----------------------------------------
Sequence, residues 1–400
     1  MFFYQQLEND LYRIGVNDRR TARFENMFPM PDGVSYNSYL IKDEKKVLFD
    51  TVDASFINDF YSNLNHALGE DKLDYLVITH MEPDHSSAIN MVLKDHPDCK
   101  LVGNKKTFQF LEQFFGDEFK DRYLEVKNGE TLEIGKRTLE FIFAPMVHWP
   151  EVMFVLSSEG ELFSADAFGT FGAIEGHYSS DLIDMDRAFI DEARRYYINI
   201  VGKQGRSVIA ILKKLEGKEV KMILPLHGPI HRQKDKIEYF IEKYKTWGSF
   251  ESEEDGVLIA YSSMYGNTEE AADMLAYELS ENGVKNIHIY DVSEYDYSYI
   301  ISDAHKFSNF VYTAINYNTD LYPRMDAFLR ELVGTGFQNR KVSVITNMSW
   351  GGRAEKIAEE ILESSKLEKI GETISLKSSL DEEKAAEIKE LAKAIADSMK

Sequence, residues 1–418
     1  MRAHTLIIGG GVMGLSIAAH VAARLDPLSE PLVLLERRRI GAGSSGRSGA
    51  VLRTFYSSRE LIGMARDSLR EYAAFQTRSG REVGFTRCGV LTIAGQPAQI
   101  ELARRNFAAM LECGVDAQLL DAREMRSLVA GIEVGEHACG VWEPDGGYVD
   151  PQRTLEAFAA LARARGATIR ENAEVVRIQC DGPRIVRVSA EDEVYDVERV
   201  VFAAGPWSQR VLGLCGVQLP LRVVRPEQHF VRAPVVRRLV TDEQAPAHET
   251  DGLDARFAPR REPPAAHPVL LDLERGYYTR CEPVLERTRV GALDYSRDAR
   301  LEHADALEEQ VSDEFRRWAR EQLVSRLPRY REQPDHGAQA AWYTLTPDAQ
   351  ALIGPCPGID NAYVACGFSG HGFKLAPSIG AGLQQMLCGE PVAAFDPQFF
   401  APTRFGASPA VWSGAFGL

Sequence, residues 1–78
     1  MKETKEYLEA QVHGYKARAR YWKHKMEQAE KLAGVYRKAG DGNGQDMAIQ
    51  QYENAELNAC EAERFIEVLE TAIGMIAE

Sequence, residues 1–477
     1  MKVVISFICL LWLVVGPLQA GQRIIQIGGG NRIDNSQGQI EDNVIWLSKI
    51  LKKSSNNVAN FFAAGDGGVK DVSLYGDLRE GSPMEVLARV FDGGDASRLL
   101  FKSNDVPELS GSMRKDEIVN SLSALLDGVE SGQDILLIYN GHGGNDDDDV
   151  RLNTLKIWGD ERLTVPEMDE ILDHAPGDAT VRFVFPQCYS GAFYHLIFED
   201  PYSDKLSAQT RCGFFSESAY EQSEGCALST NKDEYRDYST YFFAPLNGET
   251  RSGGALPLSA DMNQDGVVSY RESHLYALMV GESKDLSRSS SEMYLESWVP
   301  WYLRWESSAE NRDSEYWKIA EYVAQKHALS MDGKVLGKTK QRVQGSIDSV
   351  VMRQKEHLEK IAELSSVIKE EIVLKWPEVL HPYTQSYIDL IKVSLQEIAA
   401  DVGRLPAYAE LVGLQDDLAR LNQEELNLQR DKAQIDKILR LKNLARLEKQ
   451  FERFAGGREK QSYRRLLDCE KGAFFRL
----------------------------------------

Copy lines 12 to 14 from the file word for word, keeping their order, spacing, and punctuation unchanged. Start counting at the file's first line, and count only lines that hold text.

    51  VLRTFYSSRE LIGMARDSLR EYAAFQTRSG REVGFTRCGV LTIAGQPAQI
   101  ELARRNFAAM LECGVDAQLL DAREMRSLVA GIEVGEHACG VWEPDGGYVD
   151  PQRTLEAFAA LARARGATIR ENAEVVRIQC DGPRIVRVSA EDEVYDVERV